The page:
December Reading List: 10 Books to Dive Into This Holiday Season

Critic Bethanne Patrick recommends a diverse range of fiction and nonfiction books to add to your December reading list.

As the holiday season approaches and the frenzy of Black Friday and Cyber Monday fades away, it’s the perfect time to indulge in the joy of reading. Books make excellent gifts, offering something for everyone without the hassle of worrying about sizes or shipping. December may seem like a quiet month, but it is brimming with exciting new releases. From dystopian novels to thought-provoking nonfiction, there is a book for every reader’s taste. Let’s explore the top 10 books recommended by critic Bethanne Patrick for your December reading list.

Welcome Home, Stranger by Kate Christensen:

In “Welcome Home, Stranger,” Rachel returns to her hometown in Maine after her mother’s passing. Along the way, she encounters a diverse cast of characters who help her navigate the next phase of her life. Kate Christensen, an acclaimed novelist and memoirist, expertly depicts the journey of a spiraling protagonist while maintaining narrative control.

Orbital by Samantha Harvey:

Samantha Harvey, known for her backward murder mystery novel “The Western Wind,” takes readers on a different journey in “Orbital.” This time, the story unfolds in outer space, following four astronauts and two cosmonauts on a day’s trip around the Earth. Each character brings their own worries and perspectives, creating a powerful and elegiac tale set in our own era.

The End of the World Is a Cul de Sac by Louise Kennedy:

Louise Kennedy explores the struggles faced by women in Ireland in “The End of the World Is a Cul de Sac.” Despite the economic boom and political changes, misogyny and patriarchy continue to plague Irish society. Kennedy weaves together stories of estrangement, disappointment, and miscommunication, delving into the entanglement of history and personal dilemmas.

Yours for the Taking by Gabrielle Korn:

In Gabrielle Korn’s debut novel, “Yours for the Taking,” Jacqueline Millender, the founder of the Inside Project, promises a climate-proof future free from patriarchy. Set in 2050 Brooklyn, the protagonist, Ava, soon discovers the sinister plan behind Millender’s project. Korn challenges the notion that secretive billionaires are always men, delivering a gripping tale of hidden agendas.

Prophet Song by Paul Lynch:

Winner of the Booker Prize, Paul Lynch’s “Prophet Song” is a dystopian novel set in Dublin. Eilish Stack navigates a city ruled by secret police, while her son joins the rebel forces. Lynch’s storytelling captures the essence of Irish life while exploring universal themes of resistance and choices in the face of adversity.

The Kingdom, the Power, and the Glory: American Evangelicals in an Age of Extremism by Tim Alberta:

Tim Alberta, an award-winning journalist and practicing Christian, examines the transformation of American evangelism in “The Kingdom, the Power, and the Glory.” Alberta’s exploration delves into the intersection of religion and politics, shedding light on the power dynamics that have corrupted the movement.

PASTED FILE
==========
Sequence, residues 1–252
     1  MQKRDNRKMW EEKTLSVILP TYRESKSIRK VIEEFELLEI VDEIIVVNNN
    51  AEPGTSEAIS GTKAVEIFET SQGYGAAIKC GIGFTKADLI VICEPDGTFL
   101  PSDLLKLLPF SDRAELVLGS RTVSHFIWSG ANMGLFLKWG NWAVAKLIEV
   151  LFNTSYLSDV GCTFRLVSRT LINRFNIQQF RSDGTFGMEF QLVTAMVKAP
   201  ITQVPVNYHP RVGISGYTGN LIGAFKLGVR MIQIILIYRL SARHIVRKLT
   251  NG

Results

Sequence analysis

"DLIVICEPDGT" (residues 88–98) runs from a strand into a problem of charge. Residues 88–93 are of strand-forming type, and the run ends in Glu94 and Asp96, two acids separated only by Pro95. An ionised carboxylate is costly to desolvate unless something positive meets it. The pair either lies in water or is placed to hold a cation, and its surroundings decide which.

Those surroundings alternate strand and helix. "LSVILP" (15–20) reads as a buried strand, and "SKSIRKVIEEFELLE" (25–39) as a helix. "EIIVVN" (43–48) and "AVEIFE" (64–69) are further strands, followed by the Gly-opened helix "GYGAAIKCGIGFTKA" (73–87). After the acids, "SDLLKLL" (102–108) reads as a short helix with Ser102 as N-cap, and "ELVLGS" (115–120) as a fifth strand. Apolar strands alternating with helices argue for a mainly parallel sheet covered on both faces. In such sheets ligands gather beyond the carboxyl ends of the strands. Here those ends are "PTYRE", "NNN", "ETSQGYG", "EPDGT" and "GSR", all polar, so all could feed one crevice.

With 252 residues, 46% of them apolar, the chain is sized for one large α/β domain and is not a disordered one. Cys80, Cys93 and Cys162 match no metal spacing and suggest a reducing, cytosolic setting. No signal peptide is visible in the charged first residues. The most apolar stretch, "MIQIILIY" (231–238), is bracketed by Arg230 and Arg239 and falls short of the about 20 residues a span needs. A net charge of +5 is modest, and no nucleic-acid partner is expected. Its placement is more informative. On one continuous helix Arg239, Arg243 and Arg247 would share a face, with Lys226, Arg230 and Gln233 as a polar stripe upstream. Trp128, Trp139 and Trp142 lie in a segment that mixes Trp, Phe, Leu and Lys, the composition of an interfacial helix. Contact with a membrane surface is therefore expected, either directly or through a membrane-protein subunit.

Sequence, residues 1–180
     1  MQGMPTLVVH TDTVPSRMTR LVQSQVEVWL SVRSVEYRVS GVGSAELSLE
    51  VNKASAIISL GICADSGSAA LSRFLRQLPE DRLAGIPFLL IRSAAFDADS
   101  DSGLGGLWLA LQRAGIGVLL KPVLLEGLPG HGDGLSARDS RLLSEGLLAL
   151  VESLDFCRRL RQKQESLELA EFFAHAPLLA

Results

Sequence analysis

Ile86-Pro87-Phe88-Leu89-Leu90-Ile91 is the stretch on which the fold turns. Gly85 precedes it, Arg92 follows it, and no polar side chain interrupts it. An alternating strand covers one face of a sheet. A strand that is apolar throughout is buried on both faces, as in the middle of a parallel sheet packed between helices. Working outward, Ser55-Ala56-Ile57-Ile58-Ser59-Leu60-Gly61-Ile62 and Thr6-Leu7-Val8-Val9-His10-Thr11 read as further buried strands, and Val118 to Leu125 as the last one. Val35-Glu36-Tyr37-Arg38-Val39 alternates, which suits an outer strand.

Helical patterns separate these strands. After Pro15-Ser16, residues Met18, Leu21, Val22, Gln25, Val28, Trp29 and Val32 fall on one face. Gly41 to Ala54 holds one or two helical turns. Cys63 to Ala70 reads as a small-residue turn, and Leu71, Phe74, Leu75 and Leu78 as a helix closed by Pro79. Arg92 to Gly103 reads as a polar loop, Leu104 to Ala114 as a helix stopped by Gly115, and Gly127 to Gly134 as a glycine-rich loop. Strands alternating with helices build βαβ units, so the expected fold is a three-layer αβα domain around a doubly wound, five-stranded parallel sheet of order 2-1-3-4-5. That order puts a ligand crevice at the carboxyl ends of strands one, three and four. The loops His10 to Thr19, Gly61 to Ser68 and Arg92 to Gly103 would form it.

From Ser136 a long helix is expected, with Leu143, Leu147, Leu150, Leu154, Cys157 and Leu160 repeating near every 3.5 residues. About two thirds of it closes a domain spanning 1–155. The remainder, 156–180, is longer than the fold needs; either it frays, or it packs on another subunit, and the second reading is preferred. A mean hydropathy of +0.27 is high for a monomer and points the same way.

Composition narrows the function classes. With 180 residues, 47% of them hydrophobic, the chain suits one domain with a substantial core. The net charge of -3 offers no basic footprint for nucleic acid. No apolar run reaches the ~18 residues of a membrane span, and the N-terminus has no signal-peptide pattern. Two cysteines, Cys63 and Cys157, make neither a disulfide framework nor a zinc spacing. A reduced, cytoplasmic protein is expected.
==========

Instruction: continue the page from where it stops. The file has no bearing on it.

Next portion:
Airplane Mode: An Irreverent History of Travel by Shahnaz Habib:

Shahnaz Habib’s collection of essays, “Airplane Mode,” offers a refreshing perspective on travel. The Indian writer and translator delves into discussions of skin color and power dynamics, challenging the canon of privileged white travelogues. Habib’s essays are a must-read for anyone seeking diverse voices in the genre.

Silent Cavalry: How Union Soldiers from Alabama Helped Sherman Burn Atlanta — and Then Got Written Out of History by Howell Raines:

Howell Raines, a former executive editor of the New York Times, uncovers a hidden piece of history in “Silent Cavalry.” Raines reveals the story of an integrated cavalry unit of Union-supporting Southerners who played a crucial role in Sherman’s siege of Atlanta during the Civil War. Their contributions were suppressed, highlighting the efforts to erase the existence of dissenting voices in the South.

Songs on Endless Repeat: Essays and Outtakes by Anthony Veasna So:

“Songs on Endless Repeat” is a collection of essays by the late Anthony Veasna So, a talented Cambodian American writer. So seamlessly weaves together his family history, queer identity, and personal relationships in his essays, leaving readers longing for more of his unique perspective.

The Waltz of Reason: The Entanglement of Mathematics and Philosophy by Karl Sigmund:

In “The Waltz of Reason,” Karl Sigmund explores the intricate relationship between mathematics and philosophy. Sigmund delves into game theory, the social contract, and the question of computer intelligence. While the book may be intimidating for math-averse readers, Sigmund’s clear-eyed investigations offer captivating insights into these complex subjects.


This December, immerse yourself in the world of literature with these 10 captivating books. From fiction to nonfiction, these titles offer a diverse range of stories and perspectives. Whether you’re seeking dystopian tales, thought-provoking essays, or hidden histories, there is something for everyone on this December reading list. So, grab a cozy blanket, a warm cup of tea, and embark on a literary adventure this holiday season. Happy reading!






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